It's gotta be the shoes: Footwear talk coming to Prineville
Footwear is really an important intervention for any lower extremity pain.
This is one of several messages Christine Pollard, associate professor of kinesiology with OSU Cascades, hopes to convey during an upcoming Science Pub event in Prineville.
The Science Pub series invites the public to delve into the fascinating worlds of OSU's leading researchers in such casual settings as McMenamins in Bend as well as locations in Sisters and Sunriver. On May 15, Pollard will add Prineville to the list as she gives a presentation titled "Biomechanics of Running Shoes: Is There an Ideal Shoe?" at Meadow Lakes Restaurant.
Though "running" is included in the title, Pollard is quick to stress that the lecture is not geared exclusively toward people who regularly lace up some shoes and jog a few miles.
"A lot of people wear running shoes. Let's say a 55-year-old who has knee pain may be interested in footwear that might be useful to reduce that pain," she said. "This will help teach folks about what goes into these shoes and what is important and what features help reduce injuries."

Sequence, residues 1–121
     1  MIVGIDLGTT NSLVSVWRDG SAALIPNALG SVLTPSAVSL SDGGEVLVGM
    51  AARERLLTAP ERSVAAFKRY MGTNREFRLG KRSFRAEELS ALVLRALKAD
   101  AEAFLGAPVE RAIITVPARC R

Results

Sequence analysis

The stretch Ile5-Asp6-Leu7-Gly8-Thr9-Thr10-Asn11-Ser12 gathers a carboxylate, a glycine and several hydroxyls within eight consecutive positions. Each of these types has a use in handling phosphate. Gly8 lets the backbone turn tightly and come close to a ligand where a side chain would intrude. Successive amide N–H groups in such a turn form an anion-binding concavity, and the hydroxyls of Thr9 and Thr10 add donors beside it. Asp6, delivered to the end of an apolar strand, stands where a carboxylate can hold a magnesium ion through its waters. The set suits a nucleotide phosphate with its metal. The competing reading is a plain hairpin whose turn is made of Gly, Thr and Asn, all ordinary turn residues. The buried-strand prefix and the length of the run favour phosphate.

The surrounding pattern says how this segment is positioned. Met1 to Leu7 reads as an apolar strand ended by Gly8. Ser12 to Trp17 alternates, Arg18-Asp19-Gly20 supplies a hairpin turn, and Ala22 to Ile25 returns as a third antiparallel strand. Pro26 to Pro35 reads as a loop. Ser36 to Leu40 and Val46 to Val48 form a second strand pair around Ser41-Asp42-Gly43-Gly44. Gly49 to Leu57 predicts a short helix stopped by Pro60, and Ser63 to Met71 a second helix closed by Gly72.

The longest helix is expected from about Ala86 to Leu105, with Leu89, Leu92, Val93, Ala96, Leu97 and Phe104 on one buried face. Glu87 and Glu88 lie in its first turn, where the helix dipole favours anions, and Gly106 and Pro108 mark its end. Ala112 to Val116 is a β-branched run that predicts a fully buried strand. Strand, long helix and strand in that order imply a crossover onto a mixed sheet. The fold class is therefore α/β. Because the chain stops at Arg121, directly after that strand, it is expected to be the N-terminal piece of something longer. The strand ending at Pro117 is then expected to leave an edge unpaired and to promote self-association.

A physical therapist and bio mechanist, Pollard said she evaluates patients and oftentimes finds that part of that process includes assessing their footwear, something she says can easily be changed.
"Our research is aimed at understanding how footwear affects individuals," she said. "My personal goal is mostly related to preventing injury and treating people who have injuries and really understanding how footwear plays a role in this."
Pollard notes that running shoes date back to as far as the late 1800s, and the first cushioned running shoes were introduced in 1964. Since then, running footwear has continued to evolve, and recent trends have resulted in many dramatically different shoes.
She hopes to highlight the history of running footwear during presentation and then talk about research and what it has revealed about shoes.
"A lot of my talk will be focused on the newer shoes," she said. "One in particular will be the Hoka shoes, a thick cushioned shoe."
The shoes have a big midsole, Pollard said, and many people from athletes to professionals who often spend the workday on their feet have begun wearing them. She also plans to discuss "minimal shoes" like the Vibram FiveFingers, which have virtually no midsole and almost give the sensation of going barefoot.
By the conclusion of her talk, Pollard hopes people will have a better idea of things to consider the next time they choose their ideal running shoe.